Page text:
Are unforeseen events manageable or not? A story by Jessica Silver-Greenberg and Nelson Schwartz recently featured in The New York Times attributes the multibillion-dollar losses at JPMorgan Chase to conflict among employees in the chief investment office. According to the story, senior banker Ina Drew, who is being blamed for the losses, was often missing in action in 2010 due to contracting Lyme disease. As a result of her absence, her unit fell into disarray with ongoing personality conflicts rather than performing at optimum levels. What happened?
It seems like a number of factors were at play in this situation. The skilled Ms. Drew, who successfully navigated the bank through the difficult waters of the 2008 financial crisis, was gone frequently during the time the riskier trades were taking place and, it appears, nobody was supervising her team. Or if there was supervision, it seems to have failed. Within the team, the story reveals that there were long standing “internal divisions and clashing egos” that bubbled up to the surface and spun out of control. The results were “shouting matches” during the regular conference calls between the New York and London offices. When Ms. Drew was present she would supervise the conference calls, providing a deterrent to inappropriate behavior. These reports were given by current and former traders. It is remarkable how adults in the workplace can wind up acting like children when there is nobody looking over their shoulder. Perhaps Ms. Drew felt her team would hold themselves accountable in her absence and perform as expected.
The featured story shows a significant breakdown in self-management on the part of the traders in this unit. Regardless of whether Ms. Drew was there to supervise the conference calls or not, regular screaming matches should have been a clue to those doing the screaming that they were out of control. This type of behavior is a clear indicator of some challenges with impulse control.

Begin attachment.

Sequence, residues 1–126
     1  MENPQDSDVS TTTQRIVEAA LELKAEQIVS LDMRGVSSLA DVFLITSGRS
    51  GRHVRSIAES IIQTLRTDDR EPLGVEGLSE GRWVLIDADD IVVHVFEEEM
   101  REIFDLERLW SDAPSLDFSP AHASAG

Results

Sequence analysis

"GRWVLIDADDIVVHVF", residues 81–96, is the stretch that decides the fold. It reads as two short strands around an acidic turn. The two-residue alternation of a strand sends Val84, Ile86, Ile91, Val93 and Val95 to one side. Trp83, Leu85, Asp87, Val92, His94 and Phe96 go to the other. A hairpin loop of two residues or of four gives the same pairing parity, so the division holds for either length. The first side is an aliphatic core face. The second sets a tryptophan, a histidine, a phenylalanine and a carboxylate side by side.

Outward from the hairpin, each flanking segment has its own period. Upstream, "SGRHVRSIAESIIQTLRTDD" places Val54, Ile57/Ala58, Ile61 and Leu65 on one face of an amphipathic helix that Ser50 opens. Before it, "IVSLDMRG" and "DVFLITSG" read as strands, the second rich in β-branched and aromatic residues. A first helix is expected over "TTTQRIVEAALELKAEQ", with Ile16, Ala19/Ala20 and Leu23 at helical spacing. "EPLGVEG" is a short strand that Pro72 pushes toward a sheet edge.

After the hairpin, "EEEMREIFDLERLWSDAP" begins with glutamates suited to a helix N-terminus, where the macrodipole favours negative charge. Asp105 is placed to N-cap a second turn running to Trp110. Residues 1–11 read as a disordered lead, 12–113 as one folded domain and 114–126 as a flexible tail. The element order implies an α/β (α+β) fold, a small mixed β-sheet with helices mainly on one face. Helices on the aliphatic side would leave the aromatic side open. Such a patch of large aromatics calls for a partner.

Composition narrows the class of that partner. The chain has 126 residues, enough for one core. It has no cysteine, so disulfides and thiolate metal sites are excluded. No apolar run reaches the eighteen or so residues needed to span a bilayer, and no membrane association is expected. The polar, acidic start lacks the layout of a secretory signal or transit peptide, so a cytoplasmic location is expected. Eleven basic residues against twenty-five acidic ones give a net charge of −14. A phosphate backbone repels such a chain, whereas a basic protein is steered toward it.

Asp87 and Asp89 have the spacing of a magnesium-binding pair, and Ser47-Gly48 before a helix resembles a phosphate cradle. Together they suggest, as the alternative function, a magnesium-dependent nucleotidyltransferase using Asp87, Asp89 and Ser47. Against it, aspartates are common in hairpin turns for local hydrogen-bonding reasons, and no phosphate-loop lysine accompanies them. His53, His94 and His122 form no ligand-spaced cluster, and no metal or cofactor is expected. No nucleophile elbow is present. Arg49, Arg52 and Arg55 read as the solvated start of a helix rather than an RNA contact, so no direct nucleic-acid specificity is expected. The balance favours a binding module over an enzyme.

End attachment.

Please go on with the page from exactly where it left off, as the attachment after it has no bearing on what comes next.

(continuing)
- How effective is any dialog when people are screaming at one another?
- How is it that these individuals were so weak in competencies that are regularly used in everyday encounters in the workplace?
- Whose responsibility is it to see that these competencies are developed and maintained?
- Is it reasonable for an organization to expect people to act accordingly in a professional setting regardless of whether their supervisor is present?
Self-management is as critical a competency in any organization as leadership. Neither of these competencies seemed to be effectively in use in this circumstance.
Granted, stress can play a significant role in people losing control of their emotions and behavior. People who have difficulty with impulse control have a low tolerance for frustration. They tend to make poor decisions when under pressure and can spend money unwisely, both personally and in business. Most of us know it can be frustrating dealing with different styles of people. Part of the skill of effective self-management is learning how to recognize behavior styles and find ways to interface with those styles collaboratively to elevate productivity. Perhaps these traders were all Driving styles and were just pushing for results. In the past, Ms. Drew would force traders to defend their positions and address the risks they might encounter. Were these traders empowered to make these decisions on their own too soon or did Ms. Drew believe they had learned from previous accountability sessions and could be trusted to operate without her challenging them regularly? Hindsight being 20/20, there were clearly some opportunities for ongoing development on this team.
This story outlines the many human behavior dynamics that can cost a company on a significant level. In a previous blog we wrote about the high cost of tension and drama. These traders had the technical proficiency warranted for their positions. The breakdown in this instance was in interpersonal and leadership skills. We are not all born knowing how to effectively lead or manage ourselves, especially in times of uncertainty and high stress. If this breakdown in behavioral intelligence costs JP Morgan Chase as much as $3 billion dollars in losses, what are the breakdowns in your organization costing? Effective behavioral intelligence can be even more critical to the success of an organization than good technical skills. A healthy blend of both is a great recipe for transformational success.
To learn more about how we can assist your team or organization to accelerate your success, please contact us at www.suekenfield.com.
Silver-Greenberg, Jessica; Schwartz, Nelson. “Discord at bank faulted in losses”. The New York Times, May 20, 2012. Appeared in print in The Denver Post, May 20, 2012: 8A
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